One of the most frustrating things about being an athlete with Addison’s Disease is that sometimes you can do everything right leading up to a race, taper, stay hydrated, take your meds, and yet somehow your body chemistry still drifts off and you end up with a performance that is less than your best.
This is exactly what happened to me this past Sunday during the Old Fashioned 10 miler in Foxboro. I went out a little fast but not completely crazy, yet by mile 3 I was fighting an intense internal battle not to pull up and stop completely.
So you want to do a triathlon? Funny the crazy ideas that pop into your head in January, but kudos to you! Triathlon is a fun and exciting sport that can help you train in different ways, get you out of your comfort zone, and lift your fitness to a new level.
Maybe I lack confidence, but in my head I still think of myself as a new triathlete despite doing them regularly, even placing in my age group a few times, for the last five years.
When you sign up for a race in New England, you really never know what you are going to get. It could be mid-40’s in June or mid-60’s in January. It keeps you on your toes. It wasn’t quite 60 degrees, but it was way, way warmer for this New Year’s Day 5k versus last year’s version.
Last year, I struggled to pin my bib through six layers of clothes and had icicles hanging from my ears by the end. This year, I was quite comfortable in shorts and a t-shirt. The hill in the first mile? Yeah, that didn’t change.
This past weekend was the Angel Run, one of the big annual 5k charity races in our town. It brings out all kinds of runners and walkers, but a majority are kids, families, or the unlucky ones pushing sleighs (strollers). It’s a great atmosphere and a lot of fun.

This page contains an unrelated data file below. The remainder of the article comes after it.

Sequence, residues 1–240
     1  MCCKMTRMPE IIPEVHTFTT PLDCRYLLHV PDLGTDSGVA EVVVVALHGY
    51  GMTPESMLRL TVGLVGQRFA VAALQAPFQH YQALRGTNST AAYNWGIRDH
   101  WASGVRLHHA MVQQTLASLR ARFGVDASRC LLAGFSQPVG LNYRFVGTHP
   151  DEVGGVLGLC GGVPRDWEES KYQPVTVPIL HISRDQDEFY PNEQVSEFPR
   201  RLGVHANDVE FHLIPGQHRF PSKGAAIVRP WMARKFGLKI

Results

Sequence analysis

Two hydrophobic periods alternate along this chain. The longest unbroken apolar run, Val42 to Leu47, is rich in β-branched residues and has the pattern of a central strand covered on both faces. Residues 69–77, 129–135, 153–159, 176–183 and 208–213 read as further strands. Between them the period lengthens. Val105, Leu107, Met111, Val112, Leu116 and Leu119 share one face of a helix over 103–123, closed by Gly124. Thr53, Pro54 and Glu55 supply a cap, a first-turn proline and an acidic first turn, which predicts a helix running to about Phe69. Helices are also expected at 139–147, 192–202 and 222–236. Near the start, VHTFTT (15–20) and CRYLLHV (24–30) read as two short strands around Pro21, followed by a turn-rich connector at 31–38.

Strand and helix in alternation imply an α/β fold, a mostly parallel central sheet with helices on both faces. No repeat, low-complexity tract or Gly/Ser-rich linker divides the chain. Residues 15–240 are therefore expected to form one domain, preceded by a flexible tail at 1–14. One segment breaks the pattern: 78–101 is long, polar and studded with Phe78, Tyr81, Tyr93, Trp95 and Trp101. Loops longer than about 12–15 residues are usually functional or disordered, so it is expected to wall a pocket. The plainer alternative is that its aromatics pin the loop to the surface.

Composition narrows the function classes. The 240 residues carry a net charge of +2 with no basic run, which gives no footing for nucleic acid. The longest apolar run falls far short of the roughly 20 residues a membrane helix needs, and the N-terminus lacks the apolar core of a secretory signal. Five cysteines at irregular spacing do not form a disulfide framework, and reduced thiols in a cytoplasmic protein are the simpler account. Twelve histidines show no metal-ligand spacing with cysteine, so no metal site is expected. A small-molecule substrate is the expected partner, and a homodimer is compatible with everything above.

I realize for some people the word fun and run don’t belong together. Not me, but I’m sure they are out there. If you’re one of those people, here are a few more reasons you might consider entering a local 5k fun run.
I realized later in the day that it was almost three years to the day that I last won my age group in a triathlon. Three years ago, I thought I was perhaps in the best shape of my life. I had just had a great race at the Rev3 Poconos Olympic distance. The plan was to step up and absolutely crush a 70.3 the next year before taking on the full Ironman after that. I had no idea that I would actually end up in the hospital instead with a tumor, a chronic disease, and the mandate to not do much of anything for six months.
It was a long and winding road back (hello, arthritis), but last weekend I finally felt like the old 2015 version of me as all the preparation came together in a great race and I once again climbed up on the top step. I have no plans to do a half or full iron anymore, that shipped sailed with the cartilage in my knee, but it felt really good crossing that finish line knowing I put everything I had into the race.
But let’s back up and start at the beginning.
You can only do the race on race day. Trying to make that my older and wiser mantra. There’s no use wasting energy in stressing about the weather, or the course, or if your child comes down with a stomach bug the day before that has her throwing up and moaning on the couch. You race or you don’t. The alarm went off at 4:30. I got up, it was race day.
One silver lining to being limited to shorter distances is that you can race more. You might find yourself racing four times in five weeks. I love racing. I love the nerves and possibility of the start line. I love suffering and pushing myself, at least after the fact.
But even I’ll admit that four in five weeks might be a bit much. And I have two more weeks coming up of races. I’m going to need a break before I get injured or burn out. But back to last weekend. This one wasn’t my fault. Really. I hadn’t scheduled this one on the calendar. A friend who is not quite as obsessed with running and racing as I am suggested we try this race and, to support him, I agreed. Turns out the Trillium 5k is pretty popular and parking is pretty limited at the brewery so entry is a lottery system. You know the end of this story. I was selected. He was not. Therefor, four races in five weeks.